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Wednesday, 16 October 2013

Suppose your company needs to raise $36.2 million and you want to issue 22-year bonds for this purpose. Assume the required return on your bond issue will be 8.7 percent, and you’re evaluating two issue alternatives: a 8.7 percent semiannual coupon bond and a zero coupon bond. Your company’s tax rate is 35 percent. Requirement 1: (a) How many of the coupon bonds would you need to issue to raise the $36.2 million? (Do not round intermediate calculations. Enter the whole number for your answer, not millions (e.g., 1,234,567).) Number of coupon bonds (b) How many of the zeroes would you need to issue? (Do not round intermediate calculations. Enter the whole number for your answer, not millions (e.g., 1,234,567). Round your answer to 2 decimal places (e.g., 32.16).) Number of zero coupon bonds Requirement 2: (a) In 22 years, what will your company’s repayment be if you issue the coupon bonds? (Do not round intermediate calculations. Enter your answer in dollars, not millions of dollars (e.g., 1,234,567).) Coupon bonds repayment $ (b) What if you issue the zeroes? (Do not round intermediate calculations. Enter your answer in dollars, not millions of dollars (e.g., 1,234,567). Round your answer to the nearest whole dollar amount (e.g., 32).) Zero coupon bonds repayment $ Requirement 3: Assume that the IRS amortization rules apply for the zero coupon bonds. Calculate the firm’s aftertax cash outflows for the first year under the two different scenarios. (Do not round intermediate calculations. Input a cash outflow as a negative value and a cash inflow as a positive value. Enter your answers in dollars, not millions of dollars (e.g., 1,234,567). Round your answers to 2 decimal places (e.g., 32.16).) Coupon bond cash flow $ Zero coupon bond cash flow $ Explanation: 1: (a) The coupon bonds have a 8.7 percent coupon which matches the 8.7 percent required return, so they will sell at par. The number of bonds that must be sold is the amount needed divided by the bond price, so: Number of coupon bonds to sell = $36,200,000 / $1,000 = 36,200 (b) The number of zero coupon bonds to sell would be: Price of zero coupon bonds = $1,000/1.043544 = $153.58 Number of zero coupon bonds to sell = $36,200,000 / $153.58 = 235,709.19 2: (a) The repayment of the coupon bond will be the par value plus the last coupon payment times the number of bonds issued. So: Coupon bonds repayment = 36,200($1,000) + 36,200($1,000)(.087/2) = $37,774,700 (b) The repayment of the zero coupon bond will be the par value times the number of bonds issued, so: Zeroes repayment = 235,709.19($1,000) = $235,709,193 3: The total coupon payment for the coupon bonds will be the number bonds times the coupon payment. For the cash flow of the coupon bonds, we need to account for the tax deductibility of the interest payments. To do this, we will multiply the total coupon payment times one minus the tax rate. So: Coupon bonds: (36,200)($87)(1 – .35) = $2,047,110 cash outflow Note that this is cash outflow since the company is making the interest payment. For the zero coupon bonds, the first year interest payment is the difference in the price of the zero at the end of the year and the beginning of the year. The price of the zeroes in one year will be: P1 = $1,000/1.043542 = $167.23 The Year 1 interest deduction per bond will be this price minus the price at the beginning of the year, which we found in part b, so: Year 1 interest deduction per bond = $167.23 – 153.58 = $13.65 The total cash flow for the zeroes will be the interest deduction for the year times the number of zeroes sold, times the tax rate. The cash flow for the zeroes in year 1 will be: Cash flows for zeroes in Year 1 = (235,709.19)($13.65)(.35) = $1,126,264.81 Notice the cash flow for the zeroes is a cash inflow. This is because of the tax deductibility of the imputed interest expense. That is, the company gets to write off the interest expense for the year, even though the company did not have a cash flow for the interest expense. This reduces the company’s tax liability, which is a cash inflow. During the life of the bond, the zero generates cash inflows to the firm in the form of the interest tax shield of debt. We should note an important point here: If you find the PV of the cash flows from the coupon bond and the zero coupon bond, they will be the same. This is because of the much larger repayment amount for the zeroes. Calculator Solution: Note: Intermediate answers are shown below as rounded, but the full answer was used to complete the calculation. (a) The coupon bonds have a 8.7% coupon which matches the 8.7% required return, so they will sell at par. For the zeroes, the price is: Enter 22 × 2 8.7% / 2 ±$1,000 N I/Y PV PMT FV Solve for $153.58 (c) The price of the zeroes in one year will be: Enter 21 × 2 8.7% / 2 ±$1,000 N I/Y PV PMT FV Solve for $167.23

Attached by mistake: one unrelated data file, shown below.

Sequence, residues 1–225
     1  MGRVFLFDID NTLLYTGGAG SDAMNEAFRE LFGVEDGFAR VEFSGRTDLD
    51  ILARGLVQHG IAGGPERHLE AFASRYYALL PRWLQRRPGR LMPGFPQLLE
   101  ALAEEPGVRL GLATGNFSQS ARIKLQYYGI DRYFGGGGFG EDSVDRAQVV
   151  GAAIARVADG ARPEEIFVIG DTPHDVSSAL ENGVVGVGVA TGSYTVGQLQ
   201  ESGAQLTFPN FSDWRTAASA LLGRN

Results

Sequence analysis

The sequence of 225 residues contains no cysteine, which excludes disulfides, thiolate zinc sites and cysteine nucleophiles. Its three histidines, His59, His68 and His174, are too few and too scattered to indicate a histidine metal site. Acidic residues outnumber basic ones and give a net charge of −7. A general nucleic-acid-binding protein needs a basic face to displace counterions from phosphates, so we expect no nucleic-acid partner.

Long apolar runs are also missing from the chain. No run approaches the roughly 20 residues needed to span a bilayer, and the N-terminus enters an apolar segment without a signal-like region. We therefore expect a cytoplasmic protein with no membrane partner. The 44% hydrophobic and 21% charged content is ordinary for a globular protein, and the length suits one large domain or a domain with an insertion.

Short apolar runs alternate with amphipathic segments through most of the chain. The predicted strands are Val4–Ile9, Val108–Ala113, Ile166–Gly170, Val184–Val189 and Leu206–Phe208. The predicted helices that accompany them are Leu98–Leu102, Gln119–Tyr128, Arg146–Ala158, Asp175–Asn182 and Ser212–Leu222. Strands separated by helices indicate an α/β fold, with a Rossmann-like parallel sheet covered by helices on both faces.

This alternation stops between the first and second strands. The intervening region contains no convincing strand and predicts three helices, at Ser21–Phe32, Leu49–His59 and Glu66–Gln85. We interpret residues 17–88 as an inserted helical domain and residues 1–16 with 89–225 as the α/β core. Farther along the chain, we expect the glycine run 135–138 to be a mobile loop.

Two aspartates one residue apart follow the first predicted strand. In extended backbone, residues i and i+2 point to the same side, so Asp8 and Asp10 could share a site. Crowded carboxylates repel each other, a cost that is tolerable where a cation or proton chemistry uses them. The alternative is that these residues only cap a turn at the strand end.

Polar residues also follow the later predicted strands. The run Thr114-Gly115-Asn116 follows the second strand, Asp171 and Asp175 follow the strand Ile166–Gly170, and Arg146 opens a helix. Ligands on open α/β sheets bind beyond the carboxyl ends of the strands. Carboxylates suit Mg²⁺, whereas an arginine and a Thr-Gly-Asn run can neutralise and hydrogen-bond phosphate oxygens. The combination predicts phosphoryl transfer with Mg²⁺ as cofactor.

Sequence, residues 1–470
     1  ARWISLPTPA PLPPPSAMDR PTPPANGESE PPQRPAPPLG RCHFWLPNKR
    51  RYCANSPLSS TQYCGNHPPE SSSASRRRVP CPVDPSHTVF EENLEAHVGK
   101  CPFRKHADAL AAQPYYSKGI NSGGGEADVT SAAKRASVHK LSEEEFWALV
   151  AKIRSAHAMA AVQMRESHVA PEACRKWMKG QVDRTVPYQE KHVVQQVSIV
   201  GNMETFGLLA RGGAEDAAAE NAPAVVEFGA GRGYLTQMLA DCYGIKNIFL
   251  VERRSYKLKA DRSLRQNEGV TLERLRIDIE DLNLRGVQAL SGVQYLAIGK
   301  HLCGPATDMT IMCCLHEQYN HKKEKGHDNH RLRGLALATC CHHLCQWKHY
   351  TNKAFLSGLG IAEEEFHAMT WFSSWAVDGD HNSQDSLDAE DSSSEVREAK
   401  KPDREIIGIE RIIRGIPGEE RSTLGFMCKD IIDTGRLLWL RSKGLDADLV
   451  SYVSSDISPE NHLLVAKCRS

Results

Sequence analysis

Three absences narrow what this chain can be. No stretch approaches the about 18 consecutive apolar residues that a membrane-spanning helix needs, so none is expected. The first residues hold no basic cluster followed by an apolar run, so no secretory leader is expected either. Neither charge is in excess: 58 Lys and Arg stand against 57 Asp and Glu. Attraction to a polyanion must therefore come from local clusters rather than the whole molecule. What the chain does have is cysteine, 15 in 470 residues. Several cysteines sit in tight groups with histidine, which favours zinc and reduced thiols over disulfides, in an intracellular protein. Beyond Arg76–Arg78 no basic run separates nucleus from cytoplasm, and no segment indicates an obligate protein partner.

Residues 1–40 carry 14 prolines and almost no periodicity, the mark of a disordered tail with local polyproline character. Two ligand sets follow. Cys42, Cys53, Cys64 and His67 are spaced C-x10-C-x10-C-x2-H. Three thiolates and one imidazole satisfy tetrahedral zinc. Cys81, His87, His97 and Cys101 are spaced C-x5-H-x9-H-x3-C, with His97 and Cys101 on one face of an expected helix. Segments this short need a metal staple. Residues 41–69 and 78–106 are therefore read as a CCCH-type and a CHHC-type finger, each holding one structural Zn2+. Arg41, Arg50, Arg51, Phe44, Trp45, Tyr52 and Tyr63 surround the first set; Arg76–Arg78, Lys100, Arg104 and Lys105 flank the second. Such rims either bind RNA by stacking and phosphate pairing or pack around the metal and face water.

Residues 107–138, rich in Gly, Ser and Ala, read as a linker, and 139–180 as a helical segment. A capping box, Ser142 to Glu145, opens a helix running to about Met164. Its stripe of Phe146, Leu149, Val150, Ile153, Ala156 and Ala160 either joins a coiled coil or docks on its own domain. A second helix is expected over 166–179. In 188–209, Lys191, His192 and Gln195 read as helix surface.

Suppose your company needs to raise $36.2 million and you want to issue 22-year bonds for this purpose. Assume the required return on your bond issue will be 8.7 percent, and you’re evaluating two issue alternatives: a 8.7 percent semiannual coupon bond and a zero coupon bond. Your company’s tax rate is 35 percent.

 
Requirement 1:
(a)
How many of the coupon bonds would you need to issue to raise the $36.2 million? (Do not round intermediate calculations. Enter the whole number for your answer, not millions (e.g., 1,234,567).)

 
  Number of coupon bonds  

 
(b)
How many of the zeroes would you need to issue? (Do not round intermediate calculations. Enter the whole number for your answer, not millions (e.g., 1,234,567). Round your answer to 2 decimal places (e.g., 32.16).)

 
  Number of zero coupon bonds  

 
Requirement 2:
(a)
In 22 years, what will your company’s repayment be if you issue the coupon bonds? (Do not round intermediate calculations. Enter your answer in dollars, not millions of dollars (e.g., 1,234,567).)

 
  Coupon bonds repayment $  

 
(b)
What if you issue the zeroes? (Do not round intermediate calculations. Enter your answer in dollars, not millions of dollars (e.g., 1,234,567). Round your answer to the nearest whole dollar amount (e.g., 32).)

 
  Zero coupon bonds repayment $  

 
Requirement 3: